The real matter here is the apparent contradiction between the version in Num 13:1, 2 vs Deut 1:22 as per the following:
Num 13:1, 2 - And the LORD said to Moses, “Send out for yourself
men to spy out the land of Canaan, which I am giving to the
Israelites. From each of their fathers’ tribes send one man who is a
leader among them.”
Deut 1:22 - Then all of you came to me and said, “Let us send men
ahead to spy out the land for us and bring back a report about the
route we are to take and the towns we will come to.”
So, which was it? Were the spies the initiative of the people or of YHWH/LORD?
The Israelites were notoriously untrusting of the LORD despite all the signs, wonders and miracles He had performed on their behalf!! God had already told the Israelites that the promised land "flowed with milk and honey", Ex 13:5, 8, 33:3, etc. So, why did the Israelites want to spy out the land?
Again, they did not trust God as further evidenced by the majority report of the spies who said that the land was intimidatingly unconquerable. Humanly speaking this may have been true but by trusting in God, they could have (and later did) conquer the land.
I liken this situation to an experienced shoe fitter who tells the customer that these shoes are ideal and fit perfectly - but the customer insists upon trying on the shoes.
Israel was the same - it could not bring itself to fully trust God and needed to spy out the land as per the record in Deut 1:22. The record in Num 13 is merely God agreeing to this untrusting demand and then giving instruction to Moses about how this was to be done.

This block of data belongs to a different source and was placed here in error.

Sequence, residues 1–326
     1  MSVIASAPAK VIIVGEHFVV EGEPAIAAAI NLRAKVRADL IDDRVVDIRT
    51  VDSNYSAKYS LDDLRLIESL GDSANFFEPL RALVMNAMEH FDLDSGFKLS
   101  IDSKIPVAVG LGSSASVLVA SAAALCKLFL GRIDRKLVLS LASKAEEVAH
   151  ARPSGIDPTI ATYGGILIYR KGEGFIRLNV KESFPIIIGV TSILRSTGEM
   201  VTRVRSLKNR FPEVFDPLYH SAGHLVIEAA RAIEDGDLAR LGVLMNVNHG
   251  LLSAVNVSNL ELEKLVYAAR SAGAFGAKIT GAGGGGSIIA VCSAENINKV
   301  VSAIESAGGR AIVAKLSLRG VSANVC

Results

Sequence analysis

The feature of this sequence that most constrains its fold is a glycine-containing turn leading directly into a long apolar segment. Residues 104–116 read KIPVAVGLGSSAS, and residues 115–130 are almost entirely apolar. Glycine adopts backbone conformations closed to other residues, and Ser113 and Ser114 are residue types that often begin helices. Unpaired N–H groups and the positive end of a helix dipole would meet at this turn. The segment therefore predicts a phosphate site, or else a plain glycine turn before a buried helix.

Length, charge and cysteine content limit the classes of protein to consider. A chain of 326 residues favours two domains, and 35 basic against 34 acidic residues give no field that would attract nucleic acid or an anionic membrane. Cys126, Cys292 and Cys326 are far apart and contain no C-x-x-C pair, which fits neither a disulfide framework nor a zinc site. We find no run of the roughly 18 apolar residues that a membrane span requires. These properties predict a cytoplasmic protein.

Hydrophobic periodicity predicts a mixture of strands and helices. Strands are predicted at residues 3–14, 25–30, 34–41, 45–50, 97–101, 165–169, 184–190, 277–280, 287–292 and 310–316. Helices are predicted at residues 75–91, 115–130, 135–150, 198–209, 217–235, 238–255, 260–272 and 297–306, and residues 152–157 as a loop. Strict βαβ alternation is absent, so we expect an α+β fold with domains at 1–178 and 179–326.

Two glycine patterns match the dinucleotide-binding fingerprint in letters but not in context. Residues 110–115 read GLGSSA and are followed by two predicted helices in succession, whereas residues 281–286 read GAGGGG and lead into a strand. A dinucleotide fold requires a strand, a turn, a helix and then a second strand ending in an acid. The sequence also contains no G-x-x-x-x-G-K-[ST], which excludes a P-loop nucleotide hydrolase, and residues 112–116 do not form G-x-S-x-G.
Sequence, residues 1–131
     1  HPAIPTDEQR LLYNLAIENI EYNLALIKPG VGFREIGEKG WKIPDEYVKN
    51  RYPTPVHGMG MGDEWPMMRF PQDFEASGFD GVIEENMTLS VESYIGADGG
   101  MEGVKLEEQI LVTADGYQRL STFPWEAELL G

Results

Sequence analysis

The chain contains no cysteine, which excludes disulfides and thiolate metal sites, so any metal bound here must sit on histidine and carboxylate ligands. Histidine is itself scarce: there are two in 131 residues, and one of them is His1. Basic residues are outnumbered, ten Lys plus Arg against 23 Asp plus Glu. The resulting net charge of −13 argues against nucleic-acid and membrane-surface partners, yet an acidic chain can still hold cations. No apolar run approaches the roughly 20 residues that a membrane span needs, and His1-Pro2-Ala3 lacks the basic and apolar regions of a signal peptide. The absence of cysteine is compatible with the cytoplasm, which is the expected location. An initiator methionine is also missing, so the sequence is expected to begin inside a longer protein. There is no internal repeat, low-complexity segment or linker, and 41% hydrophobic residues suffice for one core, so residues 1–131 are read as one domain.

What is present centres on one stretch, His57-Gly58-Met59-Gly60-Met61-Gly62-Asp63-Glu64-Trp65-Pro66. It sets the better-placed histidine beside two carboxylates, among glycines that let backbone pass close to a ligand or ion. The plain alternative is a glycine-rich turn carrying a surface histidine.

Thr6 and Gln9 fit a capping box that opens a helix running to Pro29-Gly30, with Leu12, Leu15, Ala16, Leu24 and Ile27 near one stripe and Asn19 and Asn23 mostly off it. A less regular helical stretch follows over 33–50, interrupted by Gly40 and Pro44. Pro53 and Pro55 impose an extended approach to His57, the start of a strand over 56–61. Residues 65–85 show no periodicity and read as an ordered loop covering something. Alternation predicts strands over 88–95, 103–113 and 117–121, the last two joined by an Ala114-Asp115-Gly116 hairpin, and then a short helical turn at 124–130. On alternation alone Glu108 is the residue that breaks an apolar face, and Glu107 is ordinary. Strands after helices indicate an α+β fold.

Note the comments of Ellicott on Num 13:1 -
(1) And the Lord spake unto Moses . . . —There is no inconsistency
between this statement and that which is contained in Deuteronomy
1:22, where the sending of the spies is represented as having
originated with the people. It is there said that the saying pleased
Moses well; but it would be wholly inconsistent with the character and
conduct of Moses to suppose that in a matter of such importance he
should have acted in a accordance with the suggestion of the people,
or upon his own judgment, without seeking direction from God. The
command which was given to Moses must not be regarded as implying of
necessity that the expedition of the spies was, in the first instance,
ordained by God, any more than the command which was afterwards given
to Balaam to accompany the messengers of Balak was any indication that
God originally commanded, or approved of his journey.
Benson is similar:
Numbers 13:1-2. The Israelites being now come to the borders of
Canaan, Moses commanded them, in the name of God, to go up and possess
it, reminding them of his promise to give them the possession of it,
and exhorting them not to fear nor be discouraged, Deuteronomy 1:21.
But the unbelieving and distrustful multitude, forgetting the power
and faithfulness of God, were afraid to venture on this hazardous
undertaking, as they thought it, till some persons were sent to
examine and bring them information what sort of country it was, and
what kind of people they should have to contend with. We will send men
before us, said they, and they shall search out the land, and bring us
word again, Deuteronomy 1:22. Moses, therefore, in compliance with
their request, is directed by God to send proper persons, chosen from
all the tribes, for this purpose. Every one a ruler among them — Not
those called princes of the tribes, in the first chapter of this book,
but men of wisdom and authority, and rulers or officers of an inferior